Paul McCartney Said Making The Beatles’ ‘We Can Work It Out’ Was Like Doing Improv Comedy

Paul McCartney said making songs for The Beatles and Wings was like writing comedy. He cited the use of a “wacky” instrument on The Beatles’ “We Can Work It Out” as an example of this. Subsequently, Paul revealed what he thought of The Beatles’ and Wings’ willingness to experiment.

The Beatles' George Harrison, Ringo Starr, John Lennon, and Paul McCartney on a couch
The Beatles’ George Harrison, Ringo Starr, John Lennon, and Paul McCartney | John Downing/Getty Images

Paul McCartney revealed what it was like making The Beatles’ songs with producer George Martin

During a 2002 interview with Hot Press, Paul discussed working with The Beatles’ producer, George Martin. “Well, y’know, me and John would arrive at 10:30 in the morning,” he said. “We’d show George, Ringo and George Martin what the song was.”

Paul revealed what he thought of this situation in retrospect. “And I suddenly thought, ‘The cheek of him!,'” he said. “Y’know, you’d think George or Ringo would ring us up and say, ‘Give us a clue’, y’know, but it was like we knew each other well enough and it was just the accepted way it fell out.”

George Martin with a poster of The Beatles
George Martin | Rob Verhorst/Redferns

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Paul McCartney said George Martin tried out a ‘wacky idea’ on The Beatles’ ‘We Can Work It Out’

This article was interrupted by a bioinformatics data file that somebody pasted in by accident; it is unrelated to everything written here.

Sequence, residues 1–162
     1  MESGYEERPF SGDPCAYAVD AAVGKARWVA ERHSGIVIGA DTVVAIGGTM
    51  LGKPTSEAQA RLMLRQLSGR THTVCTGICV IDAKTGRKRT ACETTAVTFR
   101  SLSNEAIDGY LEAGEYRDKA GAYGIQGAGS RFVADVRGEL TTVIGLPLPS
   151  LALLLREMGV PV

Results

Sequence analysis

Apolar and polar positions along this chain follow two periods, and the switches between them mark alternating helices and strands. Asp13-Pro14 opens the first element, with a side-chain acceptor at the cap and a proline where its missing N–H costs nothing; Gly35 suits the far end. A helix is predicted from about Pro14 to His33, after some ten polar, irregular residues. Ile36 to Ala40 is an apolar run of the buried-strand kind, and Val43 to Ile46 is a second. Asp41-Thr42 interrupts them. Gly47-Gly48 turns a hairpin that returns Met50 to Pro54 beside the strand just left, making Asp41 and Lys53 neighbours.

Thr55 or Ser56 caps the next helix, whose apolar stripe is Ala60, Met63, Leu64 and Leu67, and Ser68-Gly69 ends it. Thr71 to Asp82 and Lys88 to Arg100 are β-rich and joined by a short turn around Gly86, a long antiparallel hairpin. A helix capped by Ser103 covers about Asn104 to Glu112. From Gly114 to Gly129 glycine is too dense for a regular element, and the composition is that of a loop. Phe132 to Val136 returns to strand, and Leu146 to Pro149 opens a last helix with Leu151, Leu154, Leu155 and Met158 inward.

Paul cited “We Can Work It Out” as an example of Martin’s spontaneity. “He’d say, ‘What if I put a harmonium here?'” Paul recalled. “Now that’s a wacky idea, let’s try it.” For context, a harmonium is a type of organ.

Paul compared this style of songwriting to comedy. “So you just tried everything on the spot and, like you say, we did that again with Wings and it’s always been my favorite way of working,” he revealed. “It’s like improv, y’know, for a comedian. There’s something workshoppy about it that’s kind of exciting.”

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How ‘We Can Work It Out’ performed on the charts in the the United States and United Kingdom

“We Can Work It Out” became a huge hit for The Beatles. For three of its 12 weeks on the chart, the song topped the Billboard Hot 100. The song appeared on the compilation album 1. The compilation was No. 1 on the Billboard 200 for eight weeks. It stayed on the chart for 520 weeks in total.

According to The Official Charts Company, “We Can Work It Out” was also prominent in the United Kingdom. “We Can Work It Out “was No. 1 for five of its 12 weeks on the U.K. chart. Meanwhile, 1 was No. 1 for nine of its 367 weeks on the chart.

Many artists covered “We Can Work It Out.” Stevie Wonder, Johnny Mathis, Deep Purple, and Big Time Rush each recorded it. Paul thought “We Can Work It Out” was a bit wacky and the public thought it sounded like a hit.

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